by Lisa Pearl Rosenbaum
The Season’s Final Show!
What’s a dramaturge?
When submissions for The Moment You Knew began arriving in my email, I have to admit I had only a sketchy idea of what a dramaturge was. JWT’s literary manager and our artistic director had already reviewed about fifty entries and they sent me some of their picks for this production. That’s when I got the picture. The dramaturge’s job is to adapt, develop or edit theatrical writing. I began to read.
Pretty soon, it became clear that The Moment You Knew would be a show of many voices. They emerged from the plays, memoirs, blogs and other writings that kept coming my way. There were pieces by seasoned television writers and authors, as well as first time submissions. JWT had also commissioned pieces from its Artists in Residence – writers who have been exploring their Jewish experience on an on-going basis.
I’m no stranger to editing. I’ve belonged to a writers group for years. From this I’ve learned that while most of us are too close to our own writing to see it clearly, working on other people’s manuscripts develops your eye for what works, and what doesn’t. That said, this show posed some surprising challenges for me. I began to appreciate how different editing and writing theatrical material is from editing or writing a book.
In my novels I can plant readers in my characters’ heads. But theatre, by definition, distances characters from their audience. Even the people in the first row aren’t privy to what is happening in an actor’s head unless the character talks about it, or does something to dramatize it.
When I first heard the evocative title of this show, The Moment You Knew, I knew exactly which moment I wanted to write about. But as I began to work on it, I couldn’t find a way to dramatize the almost completely internal “moment” I’d had. In fact, it was so difficult I wasn’t sure I could write it at all.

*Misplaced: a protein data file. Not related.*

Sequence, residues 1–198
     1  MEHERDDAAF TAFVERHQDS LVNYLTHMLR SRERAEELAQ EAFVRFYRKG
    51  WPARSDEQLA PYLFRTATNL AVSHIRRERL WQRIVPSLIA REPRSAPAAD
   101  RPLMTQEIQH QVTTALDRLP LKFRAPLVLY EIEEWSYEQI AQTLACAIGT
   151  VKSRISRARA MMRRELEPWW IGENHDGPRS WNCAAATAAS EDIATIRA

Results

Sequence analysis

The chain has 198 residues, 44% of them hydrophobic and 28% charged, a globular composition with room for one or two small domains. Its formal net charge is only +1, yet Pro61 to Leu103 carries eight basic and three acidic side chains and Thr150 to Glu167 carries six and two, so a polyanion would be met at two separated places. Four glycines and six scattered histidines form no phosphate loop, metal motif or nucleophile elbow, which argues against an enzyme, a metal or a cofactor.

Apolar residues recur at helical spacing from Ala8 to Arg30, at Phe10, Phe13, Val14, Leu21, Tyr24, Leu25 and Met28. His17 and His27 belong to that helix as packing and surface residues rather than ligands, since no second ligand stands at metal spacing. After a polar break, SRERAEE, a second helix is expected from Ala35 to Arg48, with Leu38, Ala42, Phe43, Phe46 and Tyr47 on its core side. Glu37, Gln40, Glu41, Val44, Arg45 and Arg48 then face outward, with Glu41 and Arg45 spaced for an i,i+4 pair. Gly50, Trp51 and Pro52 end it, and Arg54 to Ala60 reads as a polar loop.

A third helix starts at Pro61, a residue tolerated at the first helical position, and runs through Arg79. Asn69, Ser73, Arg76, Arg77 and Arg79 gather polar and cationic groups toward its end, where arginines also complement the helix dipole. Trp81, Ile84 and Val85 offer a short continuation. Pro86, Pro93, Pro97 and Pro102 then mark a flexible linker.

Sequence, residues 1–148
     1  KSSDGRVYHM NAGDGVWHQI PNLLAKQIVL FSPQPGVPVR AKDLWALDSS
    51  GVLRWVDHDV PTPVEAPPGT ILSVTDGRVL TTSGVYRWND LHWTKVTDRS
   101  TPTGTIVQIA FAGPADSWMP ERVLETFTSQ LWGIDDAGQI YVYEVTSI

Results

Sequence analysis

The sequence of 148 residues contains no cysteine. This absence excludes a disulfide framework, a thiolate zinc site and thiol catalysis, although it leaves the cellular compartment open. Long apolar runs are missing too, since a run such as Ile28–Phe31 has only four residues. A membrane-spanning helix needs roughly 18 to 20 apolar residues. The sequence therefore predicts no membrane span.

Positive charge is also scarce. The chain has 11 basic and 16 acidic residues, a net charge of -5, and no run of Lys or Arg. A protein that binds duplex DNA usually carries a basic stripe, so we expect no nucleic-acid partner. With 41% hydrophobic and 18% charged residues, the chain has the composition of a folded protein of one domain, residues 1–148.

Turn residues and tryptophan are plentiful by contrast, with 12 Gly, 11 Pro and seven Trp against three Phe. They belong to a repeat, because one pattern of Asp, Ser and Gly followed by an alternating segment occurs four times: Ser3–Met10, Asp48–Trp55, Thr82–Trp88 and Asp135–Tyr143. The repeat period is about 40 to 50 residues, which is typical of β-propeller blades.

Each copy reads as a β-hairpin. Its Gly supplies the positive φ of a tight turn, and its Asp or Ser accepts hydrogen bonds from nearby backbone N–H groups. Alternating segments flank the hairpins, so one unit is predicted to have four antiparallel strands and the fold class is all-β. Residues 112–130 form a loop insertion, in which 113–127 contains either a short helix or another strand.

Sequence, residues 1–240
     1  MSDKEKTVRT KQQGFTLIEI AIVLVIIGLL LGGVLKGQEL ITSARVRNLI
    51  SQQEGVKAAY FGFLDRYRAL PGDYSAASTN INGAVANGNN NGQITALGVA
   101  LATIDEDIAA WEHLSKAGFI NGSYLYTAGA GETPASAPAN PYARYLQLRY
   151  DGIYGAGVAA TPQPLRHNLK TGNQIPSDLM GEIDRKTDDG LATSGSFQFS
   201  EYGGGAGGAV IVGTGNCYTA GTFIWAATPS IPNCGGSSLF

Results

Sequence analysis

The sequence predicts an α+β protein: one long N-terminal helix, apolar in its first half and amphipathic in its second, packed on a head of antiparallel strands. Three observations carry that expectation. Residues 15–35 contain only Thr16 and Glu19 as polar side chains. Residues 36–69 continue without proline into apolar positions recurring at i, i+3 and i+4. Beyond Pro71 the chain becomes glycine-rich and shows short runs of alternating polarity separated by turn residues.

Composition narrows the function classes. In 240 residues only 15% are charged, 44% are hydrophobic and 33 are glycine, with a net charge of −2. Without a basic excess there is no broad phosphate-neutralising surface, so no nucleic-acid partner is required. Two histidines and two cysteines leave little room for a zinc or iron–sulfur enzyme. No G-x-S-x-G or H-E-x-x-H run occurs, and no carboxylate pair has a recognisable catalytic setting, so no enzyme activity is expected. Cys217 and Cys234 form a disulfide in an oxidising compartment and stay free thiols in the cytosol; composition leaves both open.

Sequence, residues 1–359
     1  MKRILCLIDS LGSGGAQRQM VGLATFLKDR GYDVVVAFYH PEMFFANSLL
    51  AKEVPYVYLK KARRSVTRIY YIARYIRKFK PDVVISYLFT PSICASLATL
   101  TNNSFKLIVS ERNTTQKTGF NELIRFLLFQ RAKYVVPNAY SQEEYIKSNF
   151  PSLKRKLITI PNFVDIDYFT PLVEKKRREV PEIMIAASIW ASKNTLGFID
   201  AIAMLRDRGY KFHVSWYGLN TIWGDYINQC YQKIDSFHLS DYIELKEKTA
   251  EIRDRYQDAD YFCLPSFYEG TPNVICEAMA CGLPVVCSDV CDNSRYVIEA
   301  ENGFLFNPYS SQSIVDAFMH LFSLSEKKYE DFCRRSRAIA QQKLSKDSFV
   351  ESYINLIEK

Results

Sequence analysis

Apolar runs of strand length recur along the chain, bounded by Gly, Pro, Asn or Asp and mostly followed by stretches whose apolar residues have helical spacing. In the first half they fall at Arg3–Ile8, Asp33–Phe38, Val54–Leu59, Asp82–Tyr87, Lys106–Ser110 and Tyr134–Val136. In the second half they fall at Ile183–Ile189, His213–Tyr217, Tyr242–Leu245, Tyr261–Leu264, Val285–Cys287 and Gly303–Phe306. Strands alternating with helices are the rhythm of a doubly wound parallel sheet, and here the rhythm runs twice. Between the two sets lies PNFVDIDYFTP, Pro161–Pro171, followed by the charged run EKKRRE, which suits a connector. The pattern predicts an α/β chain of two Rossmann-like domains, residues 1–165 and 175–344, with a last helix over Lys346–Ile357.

I wasn’t alone. During these past weeks, a lot of manuscripts have been ping-ponging back and forth as we’ve isolated the essence of what each “moment” was about and found the best way to dramatize them. It’s nothing short of exhilarating when you realize that a word, a line, even a paragraph can be cut or moved and the whole piece falls into place!
After that, watching the finished pieces placed into the hands of actors and a very able director completed the production’s transformation from thought to theatre. Every piece came to life in unanticipated ways. The choice to accentuate a word or phrase, to pause here, instead of there, to adopt an accent or a tone, completely changed how they read on the page. Like children, they all began to assume their own independent identities. I was thrilled to watch my own monologue delivered in a way I had not imagined. I heard new layers of humor, wisdom and passion in the pieces I’d worked on.
The last element in bringing the collaborative process of The Moment You Knew to life is you, the audience. We’re sold out for all four performances!
It’s been a joy and an honor to dig into all this rich work. Now, I’m looking forward to our enjoying all these Moments together!
We’re hard at work narrowing down which women to spotlight for the fall production about Jewish American women from the 1700’s to the 1970’s. A lot of big decisions also have to be made about how to dramatize them. There are so many women who have made enormous contributions to this country in so many ways – homesteaders and wild women of the West, fighters for the rights to vote, to unionize, to get a college education; creators of countless vital institutions… And two hundred years later, they can still make us laugh!